As a movie producer, Dino De Laurentiis thinks big. He’s spent mega-bucks to give audiences The Bible, Orca the Killer Whale and Jessica Lange in King Kong’s hand. Why should the 63-year-old Italian mogul be any less outrageous as a shopkeeper? Six weeks ago, on New York’s West Side, he unveiled his latest project: a $3.6 million specialty food emporium that resembles a traditional New York deli the way the Queen Elizabeth 2 resembles an East River garbage barge. Already the talk of the town and the haunt of Christopher Reeve, Lauren Bacall, Liv Ullmann and Mayor Ed Koch, the store, called DDL Foodshow, is grossing $130,000 a week. It could turn out to be Dino’s biggest hit.
Like every other De Laurentiis enterprise, DDL Foodshow is larger than life. A staff of 140 works round the clock to prepare and stock the store’s 4,000 exotic items. The 10-foot rotisserie grills 54 chickens simultaneously, and the aisles are four shopping carts wide. There’s something for every palate—if not pocketbook. Potato salad with salmon, lobster, striped bass and sole is $10 a pound; Porchetta alla romana—roast suckling pig—is $7.99 a half pound, and a seafood salad called Insalata Marco Polo is a stiff $8.95 per half pound.
Designed by the architect who created New York’s Xenon discotheque, the Foodshow features a huge copper-hooded hearth, a spectacular atrium and spotlights on the food. “The store is my baby,” De Laurentiis beams. “I don’t need this, but my hobby is to cook. New York needs this kind of operation.”
The filmmaker began planning the Foodshow after the July 1981 death of his 26-year-old son, Federico, who was killed in a plane crash while shooting a documentary in Alaska. “It is the big tragedy of my life,” says De Laurentiis. According to his daughter, Francesca, 21, he opened the store “so he wouldn’t have his mind free for a second.” He appears there most mornings at 6:30 before going to his production office 22 blocks away. “He wants to taste everything personally,” marvels Francesca’s husband, Pepe, 30, who serves as manager of the store’s import division. De Laurentiis considers his taste in food as impeccable as his taste in movies. “When I cook, I put a touch of this here, a touch there,” he says. “I use no recipe. When Picasso painted, he put some red in somewhere. He never knew why, he just did it. That’s why I cook like Picasso. A really good chef is an artist.”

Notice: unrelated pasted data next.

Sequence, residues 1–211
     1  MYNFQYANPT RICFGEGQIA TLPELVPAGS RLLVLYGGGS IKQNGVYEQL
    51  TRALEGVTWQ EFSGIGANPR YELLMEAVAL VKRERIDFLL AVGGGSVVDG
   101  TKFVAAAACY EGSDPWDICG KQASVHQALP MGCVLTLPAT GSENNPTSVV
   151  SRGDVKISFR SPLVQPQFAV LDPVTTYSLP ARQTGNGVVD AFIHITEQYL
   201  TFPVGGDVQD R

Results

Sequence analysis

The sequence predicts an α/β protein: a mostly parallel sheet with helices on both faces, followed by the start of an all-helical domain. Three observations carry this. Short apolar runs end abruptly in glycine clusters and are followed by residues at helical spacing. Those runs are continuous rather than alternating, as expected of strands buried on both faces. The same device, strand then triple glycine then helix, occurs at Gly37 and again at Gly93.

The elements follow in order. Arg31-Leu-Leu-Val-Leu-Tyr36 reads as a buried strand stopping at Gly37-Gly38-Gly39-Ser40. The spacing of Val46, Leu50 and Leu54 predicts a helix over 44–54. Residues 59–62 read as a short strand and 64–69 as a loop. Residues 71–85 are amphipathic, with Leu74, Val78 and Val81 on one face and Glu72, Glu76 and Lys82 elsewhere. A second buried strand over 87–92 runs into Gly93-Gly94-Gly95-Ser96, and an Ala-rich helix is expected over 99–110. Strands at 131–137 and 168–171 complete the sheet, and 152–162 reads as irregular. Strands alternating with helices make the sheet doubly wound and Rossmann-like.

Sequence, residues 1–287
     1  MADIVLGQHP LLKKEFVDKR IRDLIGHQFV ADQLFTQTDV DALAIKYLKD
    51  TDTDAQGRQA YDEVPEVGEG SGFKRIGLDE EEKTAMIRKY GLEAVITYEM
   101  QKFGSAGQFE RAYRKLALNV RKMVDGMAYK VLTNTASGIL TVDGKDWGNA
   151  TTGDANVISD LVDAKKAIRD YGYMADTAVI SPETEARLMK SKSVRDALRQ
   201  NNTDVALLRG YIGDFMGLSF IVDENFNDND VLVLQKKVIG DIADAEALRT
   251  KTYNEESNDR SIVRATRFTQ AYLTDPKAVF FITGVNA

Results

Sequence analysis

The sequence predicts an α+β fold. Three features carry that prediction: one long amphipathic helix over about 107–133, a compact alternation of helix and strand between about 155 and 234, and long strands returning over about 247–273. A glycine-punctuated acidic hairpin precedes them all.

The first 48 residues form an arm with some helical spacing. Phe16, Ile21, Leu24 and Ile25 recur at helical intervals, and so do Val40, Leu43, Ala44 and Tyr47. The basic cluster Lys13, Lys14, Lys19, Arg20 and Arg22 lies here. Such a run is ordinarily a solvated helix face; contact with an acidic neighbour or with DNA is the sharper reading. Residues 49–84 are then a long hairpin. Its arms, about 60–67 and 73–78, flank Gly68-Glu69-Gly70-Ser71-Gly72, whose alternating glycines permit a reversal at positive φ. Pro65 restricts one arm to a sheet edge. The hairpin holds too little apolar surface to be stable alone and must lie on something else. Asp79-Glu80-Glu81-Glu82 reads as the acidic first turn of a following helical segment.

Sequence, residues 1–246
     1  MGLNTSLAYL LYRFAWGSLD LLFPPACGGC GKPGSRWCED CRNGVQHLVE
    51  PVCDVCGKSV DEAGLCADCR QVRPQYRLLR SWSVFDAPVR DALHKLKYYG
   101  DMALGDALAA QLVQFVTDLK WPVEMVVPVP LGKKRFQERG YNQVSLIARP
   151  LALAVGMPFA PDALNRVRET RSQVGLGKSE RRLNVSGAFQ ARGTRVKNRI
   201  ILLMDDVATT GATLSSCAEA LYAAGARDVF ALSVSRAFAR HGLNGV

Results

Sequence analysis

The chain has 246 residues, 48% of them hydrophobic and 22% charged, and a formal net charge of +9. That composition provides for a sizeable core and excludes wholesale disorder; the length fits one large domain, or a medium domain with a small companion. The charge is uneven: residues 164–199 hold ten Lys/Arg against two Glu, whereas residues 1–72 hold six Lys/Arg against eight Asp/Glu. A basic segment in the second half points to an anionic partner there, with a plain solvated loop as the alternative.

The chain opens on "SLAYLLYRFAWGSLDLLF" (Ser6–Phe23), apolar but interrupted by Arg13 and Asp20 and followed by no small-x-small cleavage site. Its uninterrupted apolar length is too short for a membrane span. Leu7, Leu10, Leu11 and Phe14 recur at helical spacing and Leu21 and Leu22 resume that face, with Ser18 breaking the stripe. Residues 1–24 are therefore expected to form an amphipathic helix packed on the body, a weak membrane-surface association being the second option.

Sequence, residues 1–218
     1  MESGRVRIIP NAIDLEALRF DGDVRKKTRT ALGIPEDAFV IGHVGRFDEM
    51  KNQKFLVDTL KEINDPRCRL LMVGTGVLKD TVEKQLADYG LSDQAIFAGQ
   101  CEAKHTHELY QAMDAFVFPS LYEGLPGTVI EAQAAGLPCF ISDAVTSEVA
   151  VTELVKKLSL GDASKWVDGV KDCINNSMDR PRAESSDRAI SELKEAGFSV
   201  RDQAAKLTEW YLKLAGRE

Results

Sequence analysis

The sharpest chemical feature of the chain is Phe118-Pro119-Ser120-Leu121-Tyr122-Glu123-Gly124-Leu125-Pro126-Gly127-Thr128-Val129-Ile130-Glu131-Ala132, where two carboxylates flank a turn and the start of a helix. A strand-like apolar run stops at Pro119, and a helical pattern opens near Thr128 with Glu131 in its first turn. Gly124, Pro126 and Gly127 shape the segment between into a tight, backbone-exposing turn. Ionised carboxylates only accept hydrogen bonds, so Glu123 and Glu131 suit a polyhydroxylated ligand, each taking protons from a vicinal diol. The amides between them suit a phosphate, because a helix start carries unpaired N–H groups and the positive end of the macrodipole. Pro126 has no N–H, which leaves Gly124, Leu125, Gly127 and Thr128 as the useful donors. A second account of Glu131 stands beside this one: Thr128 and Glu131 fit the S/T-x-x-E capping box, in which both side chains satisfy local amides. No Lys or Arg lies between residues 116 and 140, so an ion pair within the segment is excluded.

The Foodshow’s major problem so far is one its owner knows all too well: the critics. Italian cookbook author Giullano Bugialli sniffs, “I expected to find something new, but I didn’t.” Master chef James Beard contends that the surroundings are better than the selections. “The Foodshow doesn’t live up to its startling framework. It’s like putting a Norman Rockwell into a framework for the Mona Lisa.”
De Laurentiis isn’t deterred by naysayers. In April he intends to open another New York store on Fifth Avenue and a Beverly Hills outlet, and eventually branches in Dallas, Houston, Atlanta and Chicago. When De Laurentiis wants to slacken his hectic pace, he retreats, of course, to the kitchen. “When I cook,” he says, “my mind stops completely.”